The Open Spaces Society is calling on Windsor and Maidenhead Council to reject the planning application for a footpath along Ray Mead Road instead of reopening the towpath.
The controversial site is just upstream of Maidenhead Bridge where walkers have to leave the historic line of towpath and go inland round a building.
Kate Ashbrook, general secretary of the Open Spaces Society, says: “While the application is seemingly innocuous it would have a devastating effect on the future of the Thames Path National Trail.
“At present the Thames Path is forced away from the river by the properties at Bridge View. The goal, for the council, Natural England and user and amenity groups, is to provide a riverside route all the way. The name ‘Thames Path’ is a travesty in Maidenhead when you are forced to walk alongside the busy Ray Mead Road.”
“The proposed path creation alongside Bridge View in Ray Mead Road will not make a safer route for pedestrians. It is only 1.5 metres wide at a maximum, and the occupiers of Bridge View will need parking spaces. These would be severely reduced by the creation of the footpath. The occupiers would no doubt attempt to park in smaller spaces than they have now and would inevitably park over the footpath. They would certainly drive to and fro across it.
“So walkers on the footpath will have to vie not only with the heavy traffic in Ray Mead Road, but also with the parked and moving cars belonging to the occupants of Bridge View. The proposed new footpath will merely exacerbate an already unsatisfactory and dangerous situation.
“Last year the council proposed to provide eight parking-spaces in Bridge Gardens as part of the package for creating the new path along Ray Mead Road. Fortunately, that plan for a car-park has been abandoned. It was anyway contrary to the use of Bridge Gardens as a public open space. Without the provision of alternative parking space, the occupants of Bridge View will wish to park outside their properties. The council does not have sufficient resources constantly to enforce against abuse and obstruction of the public footpath.”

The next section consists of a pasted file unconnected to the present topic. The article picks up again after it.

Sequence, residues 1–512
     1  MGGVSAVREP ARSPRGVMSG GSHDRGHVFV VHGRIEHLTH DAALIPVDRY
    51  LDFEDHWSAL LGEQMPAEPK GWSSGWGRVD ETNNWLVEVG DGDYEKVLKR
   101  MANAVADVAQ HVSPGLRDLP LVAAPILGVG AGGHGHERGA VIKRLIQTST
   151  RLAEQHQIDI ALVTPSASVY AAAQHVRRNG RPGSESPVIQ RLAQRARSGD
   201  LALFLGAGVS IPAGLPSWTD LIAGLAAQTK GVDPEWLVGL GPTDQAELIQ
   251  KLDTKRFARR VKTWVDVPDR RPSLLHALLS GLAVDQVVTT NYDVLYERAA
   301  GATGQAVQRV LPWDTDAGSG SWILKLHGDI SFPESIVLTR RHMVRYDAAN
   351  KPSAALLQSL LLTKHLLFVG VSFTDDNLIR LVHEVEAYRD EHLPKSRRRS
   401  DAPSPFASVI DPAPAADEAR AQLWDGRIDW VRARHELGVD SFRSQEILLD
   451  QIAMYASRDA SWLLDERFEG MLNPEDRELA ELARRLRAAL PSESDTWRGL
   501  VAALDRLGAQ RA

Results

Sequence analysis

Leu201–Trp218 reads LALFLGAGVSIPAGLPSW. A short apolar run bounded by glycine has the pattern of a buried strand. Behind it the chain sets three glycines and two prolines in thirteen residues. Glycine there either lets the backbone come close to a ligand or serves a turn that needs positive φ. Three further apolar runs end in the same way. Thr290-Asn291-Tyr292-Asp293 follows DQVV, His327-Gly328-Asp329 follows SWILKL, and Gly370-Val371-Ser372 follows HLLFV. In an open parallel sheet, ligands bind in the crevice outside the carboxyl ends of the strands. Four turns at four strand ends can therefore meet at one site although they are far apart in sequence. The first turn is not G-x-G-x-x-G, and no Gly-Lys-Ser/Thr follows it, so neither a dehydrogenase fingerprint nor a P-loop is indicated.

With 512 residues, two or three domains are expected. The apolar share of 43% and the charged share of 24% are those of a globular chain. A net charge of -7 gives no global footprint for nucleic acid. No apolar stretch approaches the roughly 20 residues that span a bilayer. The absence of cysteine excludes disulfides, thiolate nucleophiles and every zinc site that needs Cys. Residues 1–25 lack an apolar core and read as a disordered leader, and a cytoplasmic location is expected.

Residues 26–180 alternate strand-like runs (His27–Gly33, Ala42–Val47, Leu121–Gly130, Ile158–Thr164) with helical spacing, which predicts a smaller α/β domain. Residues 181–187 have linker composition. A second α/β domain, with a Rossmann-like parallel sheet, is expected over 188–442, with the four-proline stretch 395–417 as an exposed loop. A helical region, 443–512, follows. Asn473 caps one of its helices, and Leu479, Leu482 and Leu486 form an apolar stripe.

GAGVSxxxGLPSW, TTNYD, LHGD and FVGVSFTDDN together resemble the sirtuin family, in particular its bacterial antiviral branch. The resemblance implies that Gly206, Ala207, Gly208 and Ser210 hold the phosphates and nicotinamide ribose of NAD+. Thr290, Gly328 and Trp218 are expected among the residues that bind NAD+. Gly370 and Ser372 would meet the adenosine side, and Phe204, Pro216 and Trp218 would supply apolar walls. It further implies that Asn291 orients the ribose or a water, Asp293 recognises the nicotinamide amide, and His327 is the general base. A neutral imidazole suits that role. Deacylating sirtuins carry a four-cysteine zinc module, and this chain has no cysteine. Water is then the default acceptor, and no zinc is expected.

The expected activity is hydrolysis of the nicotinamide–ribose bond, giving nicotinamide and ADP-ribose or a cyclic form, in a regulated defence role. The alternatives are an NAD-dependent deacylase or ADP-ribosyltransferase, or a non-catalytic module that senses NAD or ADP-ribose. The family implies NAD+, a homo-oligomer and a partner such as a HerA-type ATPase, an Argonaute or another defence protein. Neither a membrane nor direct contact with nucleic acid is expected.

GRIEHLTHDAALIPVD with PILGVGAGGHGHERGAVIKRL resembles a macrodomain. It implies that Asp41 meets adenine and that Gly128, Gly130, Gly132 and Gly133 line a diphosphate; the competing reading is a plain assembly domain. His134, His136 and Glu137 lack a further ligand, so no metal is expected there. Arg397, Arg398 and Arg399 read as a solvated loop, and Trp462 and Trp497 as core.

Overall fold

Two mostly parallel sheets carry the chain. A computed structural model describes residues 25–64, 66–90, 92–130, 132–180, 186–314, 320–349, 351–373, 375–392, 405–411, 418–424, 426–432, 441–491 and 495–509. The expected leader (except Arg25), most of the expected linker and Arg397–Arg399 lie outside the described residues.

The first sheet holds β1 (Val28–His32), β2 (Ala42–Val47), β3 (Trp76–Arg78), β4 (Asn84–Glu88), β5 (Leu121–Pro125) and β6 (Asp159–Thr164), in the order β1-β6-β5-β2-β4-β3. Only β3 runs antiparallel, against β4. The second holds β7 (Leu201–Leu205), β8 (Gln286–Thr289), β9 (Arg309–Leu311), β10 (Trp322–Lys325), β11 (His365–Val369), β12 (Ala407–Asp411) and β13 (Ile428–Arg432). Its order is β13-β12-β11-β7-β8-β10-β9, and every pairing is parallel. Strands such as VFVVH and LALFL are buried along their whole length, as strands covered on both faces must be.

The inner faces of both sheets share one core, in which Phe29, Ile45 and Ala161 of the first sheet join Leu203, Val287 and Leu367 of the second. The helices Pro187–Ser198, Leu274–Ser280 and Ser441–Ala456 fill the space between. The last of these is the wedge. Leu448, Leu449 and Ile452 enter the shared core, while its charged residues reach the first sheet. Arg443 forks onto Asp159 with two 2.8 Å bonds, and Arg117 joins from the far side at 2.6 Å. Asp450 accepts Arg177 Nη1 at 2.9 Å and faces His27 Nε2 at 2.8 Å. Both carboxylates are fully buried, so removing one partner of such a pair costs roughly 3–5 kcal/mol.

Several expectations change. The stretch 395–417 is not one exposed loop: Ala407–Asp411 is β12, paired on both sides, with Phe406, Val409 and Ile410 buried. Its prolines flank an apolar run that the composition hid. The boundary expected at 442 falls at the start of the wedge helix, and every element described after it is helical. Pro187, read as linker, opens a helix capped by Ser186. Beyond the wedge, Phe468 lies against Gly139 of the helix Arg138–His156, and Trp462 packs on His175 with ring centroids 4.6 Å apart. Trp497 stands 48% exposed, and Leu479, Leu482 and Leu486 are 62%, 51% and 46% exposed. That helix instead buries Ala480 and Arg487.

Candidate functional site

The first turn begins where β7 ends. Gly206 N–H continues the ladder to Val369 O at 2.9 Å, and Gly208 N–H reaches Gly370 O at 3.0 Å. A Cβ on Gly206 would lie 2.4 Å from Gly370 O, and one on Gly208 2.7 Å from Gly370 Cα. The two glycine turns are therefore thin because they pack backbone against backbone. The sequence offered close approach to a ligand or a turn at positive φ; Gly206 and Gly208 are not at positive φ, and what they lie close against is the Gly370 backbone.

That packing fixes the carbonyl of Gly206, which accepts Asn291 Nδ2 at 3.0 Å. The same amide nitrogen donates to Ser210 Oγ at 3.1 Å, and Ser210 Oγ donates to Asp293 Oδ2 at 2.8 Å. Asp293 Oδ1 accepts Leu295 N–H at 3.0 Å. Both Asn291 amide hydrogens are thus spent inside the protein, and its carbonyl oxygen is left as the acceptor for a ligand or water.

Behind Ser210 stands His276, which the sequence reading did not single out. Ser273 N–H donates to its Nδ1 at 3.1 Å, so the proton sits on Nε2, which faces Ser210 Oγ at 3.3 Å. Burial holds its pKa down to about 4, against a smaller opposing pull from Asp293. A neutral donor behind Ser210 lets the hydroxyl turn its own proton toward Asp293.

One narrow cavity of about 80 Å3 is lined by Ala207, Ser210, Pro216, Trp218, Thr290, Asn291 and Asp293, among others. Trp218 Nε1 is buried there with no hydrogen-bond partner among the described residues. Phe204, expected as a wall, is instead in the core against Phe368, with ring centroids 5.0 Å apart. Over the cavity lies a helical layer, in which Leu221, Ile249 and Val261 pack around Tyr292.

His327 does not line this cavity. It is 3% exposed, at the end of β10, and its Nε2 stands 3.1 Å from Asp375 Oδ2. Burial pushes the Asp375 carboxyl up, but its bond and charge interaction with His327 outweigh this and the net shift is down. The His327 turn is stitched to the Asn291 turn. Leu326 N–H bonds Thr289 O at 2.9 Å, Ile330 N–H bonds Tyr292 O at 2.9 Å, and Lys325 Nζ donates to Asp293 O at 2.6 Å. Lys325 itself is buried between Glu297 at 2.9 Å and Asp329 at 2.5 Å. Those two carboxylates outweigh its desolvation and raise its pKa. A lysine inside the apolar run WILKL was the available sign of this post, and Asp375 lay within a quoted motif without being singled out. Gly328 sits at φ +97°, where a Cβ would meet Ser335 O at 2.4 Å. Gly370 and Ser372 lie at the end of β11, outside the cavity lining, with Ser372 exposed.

Kate concludes: “If this application is accepted it will severely set back the opportunity to provide a riverside route for the Thames Path beside the River Thames. The Thames Path National Trail is of national and international importance. It brings visitors into the heart of Maidenhead and should be celebrated not relegated to a busy roadside route.”
This year 2015 sees several anniversaries but for the Thames it is a special year in which to remember ‘Alice in Wonderland’.
It is just over 150 years ago that Charles Dodgson took ten year old Alice Liddell and her sisters on a boat trip upstream from Oxford’s Folly Bridge to a picnic at Godstow.
The date was Friday 4 July 1862 and it was two years before Dodgson wrote out the story he told on the trip. The publication of Alice’s Adventures in Wonderland under the name Lewis Carroll came in 1865.
The actual publication date is probably early December 1865 since the first print run was held back after illustrator John Tenniel objected to the print quality.
Royal Mail is issuing special stamps and there are big plans for celebrations in Oxford on 4 July this year which is a Saturday.
This year of 2015 will see many Magna Carta anniversary events along the River Thames.
The site of the sealing of the charter is of course Runnymede.
But the barons had been plotting and negotiating with King John at The Temple in the City of London where there are anniversary events.
Another focus for the 800th anniversary year is Barnes wehre Archbishop Langton stopped off on his way back from Runnymede to consecrate the parish church.
On the actual anniversary day of Magna Carta there will be a service at St Mary’s Barnes where the preacher is Archbishop’s Langton’s successor Rowan Williams.
But has Barnes chosen the right day? It seems that Archbishop Langton, who secured the King’s agreement to the charter on Trinity Monday 15 June 1215, probably stayed another week as post agreement negotiations continued until Friday when the barons renewed their homage to the King.
So the consecration at Barnes could have been on Saturday 20 June with the Archbishop reaching his home in Lambeth in the evening.
In June a three day walk is planned from Runnymede to Barnes. A few days earlier villagers from Odiham in Hampshire, where King John set out for Runnymede on Wednesday 10 June 1215, will be walking to the Magna Carta site by the Thames.